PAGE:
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An Asian century

March 23, 2013

WITH no signs of life in the Doha round of trade liberalisation talks, the race is on among leading economic powers to strike trade-expanding bilateral deals which can generate domestic growth and jobs.

The European Union (EU) was for long a defender of the World Trade Organisation (WTO) and the multilateral trading system it represents. For the last few years, however, trade experts in Brussels have turned their attention to bilateral free trade deals to achieve global trade expansion.

EU trade officials argue that their heart is still in the WTO and efforts to boost global trade liberalisation. But with the Doha round stalled and European businesses clamouring for open markets and new investment opportunities, the EU has no option but to strike bilateral free trade agreements.

An EU-India free trade agreement (FTA) is expected to be finalised this year, after seven years of difficult negotiations. Discussions on FTAs are also under way with some Southeast Asian countries. But the real prize for EU policymakers and business leaders is the transatlantic free trade deal that Brussels and Washington are hoping to negotiate.

The agreement will be the “mother” of all FTAs, generating growth and jobs on both sides of the Atlantic and creating a harmonised regulatory environment that will in effect create a single, border-free transatlantic market. In recent discussions in Brussels, policymakers from the US and the EU were anxious to dispel impressions that they were “ganging up” against the emerging countries, especially China. But no one is convinced. If it ever sees the light of day, the transatlantic trade deal will in effect represent a major achievement of the West in what many view as the “Asian Century”.

Equally significantly, the EU and Japan are getting ready to launch negotiations on an economic partnership agreement which, along with a political accord, aims to open up a new era of closer relations between Japan and the EU. The two agreements can certainly inject fresh life into the EU-Japan partnership. To get good results, however, both sides will have to commit time, energy and effort to the exercise. Most importantly, European and Japanese policymakers will have to find the right balance between their high political ambitions and hard-nosed bargaining on key trade questions, including agriculture and automobiles.

The EU-Japan summit in Tokyo on March 25, to be attended by Japanese Prime Minister Shinzo Abe, EU Council President Herman Van Rompuy and José Manuel Barroso, the European Commission president, will kick-start the two separate political and economic talks.

The move to strengthen EU-Japan ties comes as Japan also prepares to join discussions on a Trans-Pacific Partnership, a free trade deal including the US and several leading Asia Pacific economies. A triangular trade deal is also being explored with China and South Korea.

“For Japan, the EU is a crucial partner, not just a strategic partner,” says Kojiro Shiojiri, Japan’s ambassador to the EU. “Both the economic and political agreements between the EU and Japan are very relevant.”

While it was important to reduce tariffs to boost EU-Japan trade, Shiojiri said he believed that regulatory reform and harmonisation were even more essential to reduce costs and step up competitiveness. “Regulatory change is the bigger prize with a bigger impact on economies and societies. We are more interested in reform to build a more resilient economy and society.”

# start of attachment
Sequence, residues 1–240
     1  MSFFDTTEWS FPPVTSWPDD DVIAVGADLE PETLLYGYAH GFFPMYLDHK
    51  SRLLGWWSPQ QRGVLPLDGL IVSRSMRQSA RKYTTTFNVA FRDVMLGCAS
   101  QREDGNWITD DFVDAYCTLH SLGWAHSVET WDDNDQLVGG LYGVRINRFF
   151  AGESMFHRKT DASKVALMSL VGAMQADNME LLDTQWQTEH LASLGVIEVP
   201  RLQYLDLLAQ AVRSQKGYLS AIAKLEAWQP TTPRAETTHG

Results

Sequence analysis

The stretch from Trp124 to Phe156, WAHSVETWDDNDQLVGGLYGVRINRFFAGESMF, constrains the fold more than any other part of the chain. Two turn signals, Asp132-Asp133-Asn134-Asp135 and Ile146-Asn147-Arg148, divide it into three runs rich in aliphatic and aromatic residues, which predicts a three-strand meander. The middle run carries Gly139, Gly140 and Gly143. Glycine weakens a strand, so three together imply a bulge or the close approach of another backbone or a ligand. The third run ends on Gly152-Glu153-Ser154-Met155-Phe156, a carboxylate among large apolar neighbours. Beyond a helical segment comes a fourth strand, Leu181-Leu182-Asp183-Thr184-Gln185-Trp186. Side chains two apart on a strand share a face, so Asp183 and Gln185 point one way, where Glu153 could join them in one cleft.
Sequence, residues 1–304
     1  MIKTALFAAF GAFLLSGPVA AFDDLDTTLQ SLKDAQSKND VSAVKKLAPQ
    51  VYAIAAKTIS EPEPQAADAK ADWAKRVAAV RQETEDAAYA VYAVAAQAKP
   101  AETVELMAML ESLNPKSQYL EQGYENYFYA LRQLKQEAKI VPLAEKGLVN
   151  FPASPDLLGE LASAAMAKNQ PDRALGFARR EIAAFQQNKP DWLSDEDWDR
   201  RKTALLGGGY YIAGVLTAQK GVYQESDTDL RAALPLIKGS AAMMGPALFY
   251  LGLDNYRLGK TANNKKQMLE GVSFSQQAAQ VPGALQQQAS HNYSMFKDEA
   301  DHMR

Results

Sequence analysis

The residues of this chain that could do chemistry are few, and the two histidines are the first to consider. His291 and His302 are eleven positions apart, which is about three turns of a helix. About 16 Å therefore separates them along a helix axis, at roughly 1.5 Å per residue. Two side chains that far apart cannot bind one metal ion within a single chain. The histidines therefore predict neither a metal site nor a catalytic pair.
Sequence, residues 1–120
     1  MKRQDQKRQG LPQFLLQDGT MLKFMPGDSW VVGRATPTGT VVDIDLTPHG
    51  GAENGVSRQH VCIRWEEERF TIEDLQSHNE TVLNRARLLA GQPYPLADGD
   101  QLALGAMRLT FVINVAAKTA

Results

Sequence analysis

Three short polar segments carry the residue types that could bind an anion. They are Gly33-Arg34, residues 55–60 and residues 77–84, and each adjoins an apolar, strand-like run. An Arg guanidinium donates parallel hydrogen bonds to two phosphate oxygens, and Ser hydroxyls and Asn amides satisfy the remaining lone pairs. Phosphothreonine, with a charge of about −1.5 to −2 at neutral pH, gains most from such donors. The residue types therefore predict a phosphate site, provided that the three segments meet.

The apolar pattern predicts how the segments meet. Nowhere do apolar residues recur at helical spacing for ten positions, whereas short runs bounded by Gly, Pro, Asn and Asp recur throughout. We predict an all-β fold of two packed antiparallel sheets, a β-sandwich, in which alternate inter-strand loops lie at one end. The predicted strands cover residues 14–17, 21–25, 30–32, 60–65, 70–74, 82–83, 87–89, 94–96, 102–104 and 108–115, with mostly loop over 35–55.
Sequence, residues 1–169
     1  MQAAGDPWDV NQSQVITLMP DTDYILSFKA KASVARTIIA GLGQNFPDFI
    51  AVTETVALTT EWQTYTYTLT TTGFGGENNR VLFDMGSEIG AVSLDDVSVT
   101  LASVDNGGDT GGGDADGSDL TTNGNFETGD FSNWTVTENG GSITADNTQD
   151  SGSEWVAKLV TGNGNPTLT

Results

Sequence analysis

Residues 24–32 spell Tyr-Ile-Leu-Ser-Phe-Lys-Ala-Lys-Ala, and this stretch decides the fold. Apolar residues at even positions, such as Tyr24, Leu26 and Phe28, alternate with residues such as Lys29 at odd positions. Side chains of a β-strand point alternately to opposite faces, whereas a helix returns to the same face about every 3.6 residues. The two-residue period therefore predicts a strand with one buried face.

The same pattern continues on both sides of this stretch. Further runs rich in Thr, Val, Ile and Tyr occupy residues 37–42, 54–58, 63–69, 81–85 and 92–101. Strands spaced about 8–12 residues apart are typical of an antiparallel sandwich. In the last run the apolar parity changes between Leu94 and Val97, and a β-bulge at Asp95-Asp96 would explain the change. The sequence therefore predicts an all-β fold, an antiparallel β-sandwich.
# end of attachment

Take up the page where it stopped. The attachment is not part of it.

Both the EU and Japan were becoming less competitive in their performance on East Asia’s dynamic markets, he added. The Economic Partnership Agreement (EPA) would help both Japan and the EU to upgrade their performance in a very competitive globalised world.

The EU mandate for the EPA with Japan was agreed at the end of November last year. According to EU Trade Commissioner Karel De Gucht, the mandate sets out a strict and clear parallelism between the elimination of EU duties and non-tariff barriers in Japan.

There’s a safeguard clause to protect sensitive European sectors and the EU will “explicitly reserve the right ‘to pull the plug’ on the negotiations after one year if Japan does not live up to its commitments on removing non-tariff barriers”.

Japan is serious about opening up its market and had already started to remove a number of key non-tariff barriers up front — such as granting liquor licences to European operators, the commissioner said, adding: “Such moves have given us all the reassurance we could reasonably expect before a formal negotiation is opened.”

The European Commission says a trade deal with Japan will boost Europe’s economy by 0.8 per cent of GDP, adding that 420,000 additional jobs in the EU are expected as a result of this agreement. Japan is the EU’s second biggest trading partner in Asia, after China. Both the EU and Japan have low tariffs on goods. But non-tariff measures are major barriers to EU exports to Japan.

Parts of the Japanese market, e.g. some agricultural products and some transport equipment and aeronautical products, are almost totally closed to EU exports. Seven business sectors that cover the bulk of EU exports to Japan are those most affected by existing non-tariff measures including chemicals, automotive, medical devices, processed foods, transport equipment, telecommunication and financial services.

Shiojiri and EU officials insist that any trade agreement between the EU and Japan must be negotiated quickly so that both sides can start reaping the benefits sooner rather than later. But that may be asking for too much: free trade deals may sound attractive on paper but negotiations are often painful and long-winded. As such, the jury is still out on whether the EU-Japan trade talks will break this tradition.

The writer is Dawn’s correspondent in Brussels.